So I am going again to South by Southwest Interactive, and glad of it. As I mentioned last year, this is the conference where everybody has something interesting to share and everyone is interested in what YOU are doing. The days (and nights) are packed and it’s frustrating if you happen to miss out on anything because of logistical problems. Here are a few tips from a last year first timer:
- If you have a car, you can park for free along one of the frontage roads near the freeway below the convention center. It’s a 10 minute walk from there, probably faster than paying for parking and waiting in line to get in/out of the garage. UPDATE: on Saturday and Sunday parking in metered spots near ACC is FREE.
- The check-in process was horrendous last year and I hear there is 40% more registration this year. It’s a mystery to me why you should register in advance and still have to wait for an hour or more to get your badge. Bring a fully charged iPhone (hopefully the ATT network is not overloaded like LY) and strike up a conversation with your line mates. UPDATE: vastly improved for 2010.
- Don’t get too wedded to the program list online. Many of these descriptions are off the wall and written months in advance. Plus, you may not get in some popular sessions. If you do see something you really like, get there early and grab a seat… near the aisle in case you are disappointed.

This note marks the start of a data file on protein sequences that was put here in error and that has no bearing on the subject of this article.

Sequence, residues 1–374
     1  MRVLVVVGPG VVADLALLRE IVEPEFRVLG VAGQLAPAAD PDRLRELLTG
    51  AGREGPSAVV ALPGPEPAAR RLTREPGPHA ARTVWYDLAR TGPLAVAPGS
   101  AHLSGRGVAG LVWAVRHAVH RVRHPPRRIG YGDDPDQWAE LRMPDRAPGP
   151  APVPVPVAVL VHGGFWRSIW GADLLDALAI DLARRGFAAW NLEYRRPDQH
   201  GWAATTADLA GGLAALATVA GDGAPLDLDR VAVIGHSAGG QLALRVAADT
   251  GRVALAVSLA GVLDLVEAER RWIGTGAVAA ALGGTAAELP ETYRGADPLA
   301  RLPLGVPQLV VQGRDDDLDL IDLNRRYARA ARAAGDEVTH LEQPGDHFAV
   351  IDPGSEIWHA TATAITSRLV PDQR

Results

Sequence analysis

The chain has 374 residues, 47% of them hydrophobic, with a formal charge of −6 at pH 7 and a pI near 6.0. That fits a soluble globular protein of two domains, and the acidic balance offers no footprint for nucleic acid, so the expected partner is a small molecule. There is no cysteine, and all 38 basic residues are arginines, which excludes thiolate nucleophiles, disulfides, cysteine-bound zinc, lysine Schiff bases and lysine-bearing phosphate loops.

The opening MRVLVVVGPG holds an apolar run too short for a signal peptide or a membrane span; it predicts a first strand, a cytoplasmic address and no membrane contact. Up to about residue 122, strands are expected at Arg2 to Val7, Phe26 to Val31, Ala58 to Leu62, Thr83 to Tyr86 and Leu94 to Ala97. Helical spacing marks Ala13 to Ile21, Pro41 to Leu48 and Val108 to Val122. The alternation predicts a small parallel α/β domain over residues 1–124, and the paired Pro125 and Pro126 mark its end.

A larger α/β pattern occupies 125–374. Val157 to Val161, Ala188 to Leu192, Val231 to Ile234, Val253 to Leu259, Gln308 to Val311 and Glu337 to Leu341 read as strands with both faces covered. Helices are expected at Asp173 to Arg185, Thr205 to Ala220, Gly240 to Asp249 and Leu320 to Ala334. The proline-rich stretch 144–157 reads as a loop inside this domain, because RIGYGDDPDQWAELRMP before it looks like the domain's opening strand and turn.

- The conference center is shaped like a U with no direct access from one end of the U to the other. You may end up walking 10 minutes or more between sessions so look at the map and factor that into your planning. Sessions in double rooms (eg 18AB) are organizer picks for those likely to be popular, as are those held in ballrooms. “Core conversations” are generally moderated audience participation and if the topic isn’t of passionate interest you may not be happy there. The sessions in the Hilton are very developer focused even if the title may sound somewhat general. CORRECTION: this year the Hilton sessions are on BUSINESS and the first I attended was very interesting indeed, see next post.